Also, the National Pork Board has an online search function available for those interested in locating specialty pork in their area. Check it out here!


from Cedar Lake, Indiana


Are there hormones in pork?

Hormones are not ever allowed in raising hogs. Therefore, the claim “no hormones added” cannot be used on the labels of pork or poultry unless it is followed by a statement that says “Federal regulations prohibit the use of hormones.” 


from New Haven, Indiana


Why do farmers raise hogs inside barns?

Many Indiana farmers believe that raising pigs in barns helps them better care for their animals. The majority of pigs in Indiana are raised in barns that use technology like fans, misters, and heaters to the animals comfortable all year round. Barns can also be helpful in providing animals with clean fresh feed and water daily.

Read more here!


from Indianapolis, Indiana


Do you have a recipe for great pulled pork?

We have several great pulled pork recipes! Check out our Pinterest page for all things pork! Or visit the Pork Be Inspired website for great pulled pork and more!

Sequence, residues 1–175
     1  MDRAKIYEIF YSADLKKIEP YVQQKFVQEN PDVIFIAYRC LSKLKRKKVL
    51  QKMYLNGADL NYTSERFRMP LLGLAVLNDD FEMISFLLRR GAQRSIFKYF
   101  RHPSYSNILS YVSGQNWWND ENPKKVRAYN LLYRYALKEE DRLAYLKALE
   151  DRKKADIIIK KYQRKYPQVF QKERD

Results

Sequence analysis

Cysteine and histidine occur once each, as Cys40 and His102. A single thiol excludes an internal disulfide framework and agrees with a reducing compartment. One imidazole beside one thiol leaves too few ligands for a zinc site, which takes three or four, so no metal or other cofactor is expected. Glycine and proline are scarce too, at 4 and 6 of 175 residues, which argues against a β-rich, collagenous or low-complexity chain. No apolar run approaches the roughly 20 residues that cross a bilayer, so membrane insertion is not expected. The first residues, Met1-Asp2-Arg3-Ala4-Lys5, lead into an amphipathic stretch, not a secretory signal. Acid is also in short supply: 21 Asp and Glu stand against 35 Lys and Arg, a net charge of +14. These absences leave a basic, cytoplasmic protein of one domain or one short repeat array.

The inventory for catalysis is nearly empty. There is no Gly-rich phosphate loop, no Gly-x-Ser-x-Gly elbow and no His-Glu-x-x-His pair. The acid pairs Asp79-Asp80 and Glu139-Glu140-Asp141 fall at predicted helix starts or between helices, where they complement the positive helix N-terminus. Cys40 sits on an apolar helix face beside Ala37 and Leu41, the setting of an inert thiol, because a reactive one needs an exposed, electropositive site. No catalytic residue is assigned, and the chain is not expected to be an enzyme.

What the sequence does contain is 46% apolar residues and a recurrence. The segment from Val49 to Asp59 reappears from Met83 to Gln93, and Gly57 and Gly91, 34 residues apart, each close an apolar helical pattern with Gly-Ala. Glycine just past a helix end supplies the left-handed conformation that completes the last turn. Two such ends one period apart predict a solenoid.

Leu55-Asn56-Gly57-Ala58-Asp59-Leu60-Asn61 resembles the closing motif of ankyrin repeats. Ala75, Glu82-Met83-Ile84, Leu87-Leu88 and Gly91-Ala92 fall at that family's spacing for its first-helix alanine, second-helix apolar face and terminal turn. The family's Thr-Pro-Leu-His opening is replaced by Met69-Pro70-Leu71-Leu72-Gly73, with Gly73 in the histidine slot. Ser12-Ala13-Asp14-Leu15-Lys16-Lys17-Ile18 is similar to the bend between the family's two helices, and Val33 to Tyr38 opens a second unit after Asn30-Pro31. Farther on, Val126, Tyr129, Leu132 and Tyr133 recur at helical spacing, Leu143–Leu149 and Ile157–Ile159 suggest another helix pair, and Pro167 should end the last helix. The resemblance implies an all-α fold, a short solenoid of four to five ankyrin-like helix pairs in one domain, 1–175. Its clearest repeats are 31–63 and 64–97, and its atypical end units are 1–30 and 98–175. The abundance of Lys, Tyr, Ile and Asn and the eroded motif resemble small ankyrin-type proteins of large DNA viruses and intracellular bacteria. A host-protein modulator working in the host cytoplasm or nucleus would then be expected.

from Marion, Indiana


Are any nitrates used in the preparation of nitrate-free bacon?

You can’t avoid nitrates and nitrites by eating “nitrite- and nitrate-free” hot dogs and bacon. These products are “natural” sources of the same chemical like celery and beet juice or even sea salt. They are no freer from nitrates and nitrites than standard cured meats. Depending on the brand they may even contain more nitrates and nitrites when cured with “natural” preservatives.

The vast majority of nitrate and nitrite exposure comes not from food, buy from endogenous sources within the body. In fact, nitrites are produced by your own body in greater amounts than can be obtained from food, and salivary nitrite accounts for 70-90% of our total nitrite exposure.

When it comes to food, vegetables are the primary source of nitrites. On average about 93% of nitrites we get from food come from vegetables. It may shock you to learn that one serving of arugula, two servings of butter lettuce, and four serving of celery or beets all have more nitrite than 460 hot dogs.


from Plymouth, Indiana


Why are some of my cooked pork chops soft, pale and tasteless when they look perfect raw?

A few factors weigh heavily on the end result of your pork.

  1. Cooking temperatures. Cooking temperature makes all the difference in the world when it comes to how your pork tastes, looks and feels. Pork should be cooked to an internal temperature of 145 degrees using a meat thermometer. Properly cooked pork will be tender, juicy, and safe to eat with a blush of pink in the center.